Second, selecting names for the Woolly Worms is a delightful way to learn how amazingly creative your friends and family members can be. Consider these clever monikers: "Merryweather", "Patsy Climb" and "Dale Wormhardt".
Finally, there is no other experience in life that can produce the absurd euphoria that comes from cheering for a caterpillar to climb a string. It is so indisputably ridiculous that it is completely liberating!
   And the $1,000 first prize that accompanies the prestige of having your worm used to pronounce the official winter forecast doesn't hurt either.
   The Woolly Worm races begin around 10 a.m. Each heat consists of 20 worms and races continue all day until the grand final around 4 p.m. The winning worm on Saturday is declared the official winter forecasting agent.    The Sunday worm races are for prestige, fun and small prizes.
   In addition to the Woolly Worm Races, the festival features crafts, food vendors, live entertainment and much more. Last year's festival attracted an estimated 20,000 fans, 140 vendors and around 1,000 race entrants.

HISTORY AND TRADITIONS OF TRICK OR TREATING!

  


 Trick-or-treating is a customary practice for children on Halloween seen in many countries. Children in costumes, either in large groups or accompanied by an adult, travel from house to house in order to ask for treats such as candy (or, in some cultures, money) with the question "Trick or treat?". The "trick" is a (usually idle) threat to perform mischief on the homeowners or their property if no treat is given.
   In North America, trick-or-treating has been a customary Halloween tradition since at least the late 1950s. Homeowners wishing to participate in it usually decorate their private entrance with plastic spiderwebs, paper skeletons and jack-o-lanterns. Some rather reluctant homeowners would simply leave the candy in pots on the porch, others might be more participative and would even ask an effort from the children in order to provide them with candy. In the more recent years, however, the practice has spread to almost any house within a neighborhood being visited by children, including senior residences and condominiums.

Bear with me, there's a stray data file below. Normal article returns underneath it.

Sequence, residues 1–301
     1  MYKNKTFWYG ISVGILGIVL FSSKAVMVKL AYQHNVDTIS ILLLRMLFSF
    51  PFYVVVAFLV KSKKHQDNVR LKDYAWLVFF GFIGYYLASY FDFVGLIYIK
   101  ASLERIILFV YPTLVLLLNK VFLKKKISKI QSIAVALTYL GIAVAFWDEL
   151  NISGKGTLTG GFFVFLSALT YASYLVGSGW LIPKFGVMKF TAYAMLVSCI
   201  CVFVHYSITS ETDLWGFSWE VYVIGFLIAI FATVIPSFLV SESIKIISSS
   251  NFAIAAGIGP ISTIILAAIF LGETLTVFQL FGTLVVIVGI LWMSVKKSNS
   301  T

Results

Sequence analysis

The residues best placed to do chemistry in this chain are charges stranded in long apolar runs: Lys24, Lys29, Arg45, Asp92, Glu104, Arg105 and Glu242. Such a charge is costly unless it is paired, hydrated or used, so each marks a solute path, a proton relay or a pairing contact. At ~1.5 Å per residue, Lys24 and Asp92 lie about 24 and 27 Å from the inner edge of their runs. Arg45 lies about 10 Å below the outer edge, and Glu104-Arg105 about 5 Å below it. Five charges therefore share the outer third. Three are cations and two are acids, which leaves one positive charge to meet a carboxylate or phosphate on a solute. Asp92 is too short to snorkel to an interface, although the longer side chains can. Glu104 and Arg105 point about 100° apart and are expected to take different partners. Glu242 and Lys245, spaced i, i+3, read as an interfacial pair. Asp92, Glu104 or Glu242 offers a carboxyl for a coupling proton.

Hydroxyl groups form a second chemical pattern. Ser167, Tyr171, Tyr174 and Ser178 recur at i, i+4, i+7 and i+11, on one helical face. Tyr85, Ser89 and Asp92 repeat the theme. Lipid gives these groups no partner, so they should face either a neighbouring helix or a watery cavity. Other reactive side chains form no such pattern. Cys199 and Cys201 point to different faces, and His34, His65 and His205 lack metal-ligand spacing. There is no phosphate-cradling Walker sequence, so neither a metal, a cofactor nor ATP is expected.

The tradition of going from door to door receiving food already existed in Great Britain and Ireland in the form of souling, where children and poor people would sing and say prayers for the dead in return for cakes.  Guising — children disguised in costumes going from door to door for food and coins — also predates trick or treat, and is recorded in Scotland at Halloween in 1895, where masqueraders in disguise carrying lanterns made out of scooped out turnips, visit homes to be rewarded with cakes, fruit





and money.   While going from door to door in disguise has remained popular among Scots and Irish, the North American custom of saying "trick or treat" has recently become common. The activity is prevalent in the United States, Canada, United Kingdom, Republic of Ireland, Puerto Rico, and northwestern and central Mexico. In the latter, this practice is called calaverita (Spanish for "little skull"), and instead of "trick or treat", the children ask ¿me da mi calaverita? ("can you give me my little skull?"); where a calaverita is a small skull made of sugar or chocolate.


History

   The practice of dressing up in costumes and begging door to door for treats on holidays dates back to the Middle Ages and includes Christmas wassailing. Trick-or-treating resembles the late medieval practice of souling, when poor folk would go door to door on Hallowmas (November 1), receiving food in return for prayers for the dead on All Souls Day (November 2). It originated in Ireland and Britain,  although similar practices for the souls of the dead were found as far south as Italy.   Shakespeare mentions the practice in his comedy The Two Gentlemen of Verona (1593), when Speed accuses his master of "puling [whimpering or whining] like a beggar at Hallowmas."The custom of wearing costumes and masks at Halloween goes back to Celtic traditions of attempting to copy the evil spirits or placate them, in Scotland for instance where the dead were impersonated by young men with masked, veiled or blackened faces, dressed in white.